'Folklore' Has Taylor Swift Fans Returning to Her Early Albums - Rolling Stone
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‘Folklore’ Is Sending People Back To Taylor Swift’s Early Albums

Taylor Swift’s latest release has seemingly inspired listeners to revisit her more country-leaning albums, all of which dropped before the streaming era

LONDON, ENGLAND - FEBRUARY 04: Seven-time Grammy winner Taylor Swift on the third night of the European leg of her blockbuster The RED Tour with the third of five sold-out shows at London's O2 Arena, playing to a capacity crowd of more than 15500 fans on February 4, 2014 in London, England. (Photo by Ian Gavan/TAS/Getty Images for TAS)

Seven-time Grammy winner Taylor Swift on the third night of the European leg of her blockbuster The RED Tour with the third of five sold-out shows at London's O2 Arena, playing to a capacity crowd of more than 15500 fans on February 4, 2014 in London, England.

Ian Gavan/TAS/Getty Images

In the week following the release of the singer/songwriter’s delight that is Folklore, Taylor Swift’s early catalog got some extra attention on streaming platforms, with albums like Fearless and Red seeing double-digit growth in streams.

Her 2008 album Fearless saw the biggest boost in streams, rising by 45 percent during the week of July 24th through 30th compared to the previous week. The second-biggest benefactor was 2010’s Speak Now, which jumped about 36 percent. Then came 2012’s Red (35 percent), 2014’s 1989 (27 percent), 2006’s Taylor Swift (21 percent), and 2017’s Reputation (19 percent). 2019’s Lover saw the least-significant increase — which makes sense when you consider that she’s never had a less than two-year gap between albums.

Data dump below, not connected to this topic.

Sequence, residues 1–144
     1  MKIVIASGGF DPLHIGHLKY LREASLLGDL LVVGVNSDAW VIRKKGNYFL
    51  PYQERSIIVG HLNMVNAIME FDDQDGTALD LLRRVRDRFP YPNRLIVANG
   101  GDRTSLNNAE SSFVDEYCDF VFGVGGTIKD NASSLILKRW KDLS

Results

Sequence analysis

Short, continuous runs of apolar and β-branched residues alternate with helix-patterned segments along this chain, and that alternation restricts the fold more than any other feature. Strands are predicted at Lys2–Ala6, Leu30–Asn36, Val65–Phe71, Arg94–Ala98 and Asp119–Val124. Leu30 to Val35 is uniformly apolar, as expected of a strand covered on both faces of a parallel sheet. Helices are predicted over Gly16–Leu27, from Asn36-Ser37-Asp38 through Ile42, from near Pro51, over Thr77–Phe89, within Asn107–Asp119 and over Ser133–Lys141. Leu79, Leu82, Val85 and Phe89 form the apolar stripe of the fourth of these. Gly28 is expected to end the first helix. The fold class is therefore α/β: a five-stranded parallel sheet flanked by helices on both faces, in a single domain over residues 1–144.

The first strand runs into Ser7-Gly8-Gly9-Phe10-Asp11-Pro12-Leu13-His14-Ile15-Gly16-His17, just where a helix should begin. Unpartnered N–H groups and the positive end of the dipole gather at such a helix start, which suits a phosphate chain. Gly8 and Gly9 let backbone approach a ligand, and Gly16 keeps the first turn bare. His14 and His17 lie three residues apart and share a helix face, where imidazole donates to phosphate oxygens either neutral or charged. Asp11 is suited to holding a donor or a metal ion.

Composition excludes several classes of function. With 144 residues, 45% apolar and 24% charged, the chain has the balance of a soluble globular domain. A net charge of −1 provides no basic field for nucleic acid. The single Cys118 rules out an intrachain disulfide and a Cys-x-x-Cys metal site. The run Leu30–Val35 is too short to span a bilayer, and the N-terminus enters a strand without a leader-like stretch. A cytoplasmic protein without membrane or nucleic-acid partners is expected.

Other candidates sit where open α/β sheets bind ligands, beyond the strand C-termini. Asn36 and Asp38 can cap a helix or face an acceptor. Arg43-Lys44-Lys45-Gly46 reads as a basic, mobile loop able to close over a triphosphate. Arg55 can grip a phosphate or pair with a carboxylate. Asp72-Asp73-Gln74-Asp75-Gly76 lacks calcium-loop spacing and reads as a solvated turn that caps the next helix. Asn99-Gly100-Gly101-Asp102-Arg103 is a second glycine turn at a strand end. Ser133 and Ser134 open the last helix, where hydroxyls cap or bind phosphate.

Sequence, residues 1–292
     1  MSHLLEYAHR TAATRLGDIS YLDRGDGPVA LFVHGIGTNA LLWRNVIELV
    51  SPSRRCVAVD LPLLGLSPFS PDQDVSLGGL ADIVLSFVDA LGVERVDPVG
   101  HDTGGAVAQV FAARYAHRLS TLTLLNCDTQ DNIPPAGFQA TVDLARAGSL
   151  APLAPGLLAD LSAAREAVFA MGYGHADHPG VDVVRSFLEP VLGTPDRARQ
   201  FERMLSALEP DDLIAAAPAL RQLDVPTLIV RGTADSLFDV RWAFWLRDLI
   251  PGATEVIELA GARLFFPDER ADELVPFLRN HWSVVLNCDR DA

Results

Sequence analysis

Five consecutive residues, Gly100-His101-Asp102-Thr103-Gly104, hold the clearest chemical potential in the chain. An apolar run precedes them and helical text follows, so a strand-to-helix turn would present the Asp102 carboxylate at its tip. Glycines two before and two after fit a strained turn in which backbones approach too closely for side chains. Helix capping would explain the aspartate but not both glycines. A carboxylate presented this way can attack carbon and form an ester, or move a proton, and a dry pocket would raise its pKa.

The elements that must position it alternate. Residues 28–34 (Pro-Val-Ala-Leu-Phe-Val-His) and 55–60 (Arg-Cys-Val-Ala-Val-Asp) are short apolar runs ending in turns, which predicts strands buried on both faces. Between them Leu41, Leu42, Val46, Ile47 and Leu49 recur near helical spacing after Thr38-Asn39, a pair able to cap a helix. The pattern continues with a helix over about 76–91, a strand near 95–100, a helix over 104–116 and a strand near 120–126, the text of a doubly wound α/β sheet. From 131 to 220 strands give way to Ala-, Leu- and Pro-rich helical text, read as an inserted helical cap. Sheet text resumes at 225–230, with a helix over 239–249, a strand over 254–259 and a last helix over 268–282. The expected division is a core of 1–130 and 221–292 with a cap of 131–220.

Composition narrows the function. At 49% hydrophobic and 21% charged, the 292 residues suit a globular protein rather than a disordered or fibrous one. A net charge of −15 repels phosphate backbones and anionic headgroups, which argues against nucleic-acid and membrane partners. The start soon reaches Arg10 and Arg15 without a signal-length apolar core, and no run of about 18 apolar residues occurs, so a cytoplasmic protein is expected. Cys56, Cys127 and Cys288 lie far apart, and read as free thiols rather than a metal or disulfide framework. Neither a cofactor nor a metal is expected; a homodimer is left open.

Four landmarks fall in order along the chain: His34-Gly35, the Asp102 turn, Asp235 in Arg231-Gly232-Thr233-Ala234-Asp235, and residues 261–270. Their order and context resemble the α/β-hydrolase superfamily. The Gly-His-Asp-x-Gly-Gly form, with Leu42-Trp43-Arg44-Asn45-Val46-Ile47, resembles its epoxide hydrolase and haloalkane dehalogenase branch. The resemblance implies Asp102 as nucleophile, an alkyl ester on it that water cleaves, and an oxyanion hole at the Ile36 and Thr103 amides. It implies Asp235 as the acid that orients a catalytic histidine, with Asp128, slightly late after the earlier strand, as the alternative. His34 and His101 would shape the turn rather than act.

It’s important to remember that Swift’s music was not available on Spotify for nearly three years, from the release of 1989 until 2017. For Gen Zers who have grown up with streaming, Folklore may have encouraged a dive into her earlier music: Old Taylor can come to the phone now — in more ways that one.

Red and Speak Now were the biggest winners when it came down to pure album sales, increasing by 201 percent and and 166 percent, respectively. And on the RS 200 Chart — which combines digital and physical album sales, digital song sales, and audio streams — both Red and Fearless re-entered, at Number 101 and Number 154, respectively.

By contrast, no albums saw a lift in streams when Lover debuted last year. Unlike Folklore, however, Lover did have a traditional rollout that included pre-album singles. But even when you include the week leading up to the album’s release — when song “Lover” was made available — the lifts still weren’t as significant as those for Folklore. (Increases ranged between 10 to 18 percent in that instance.)

With Folklore, Swift continues to break ground, seeing the biggest debut on the RS 200 since Lover. Only time will tell what else she has up her now-lacy and sun-soaked sleeve.

In This Article: music industry, Taylor Swift

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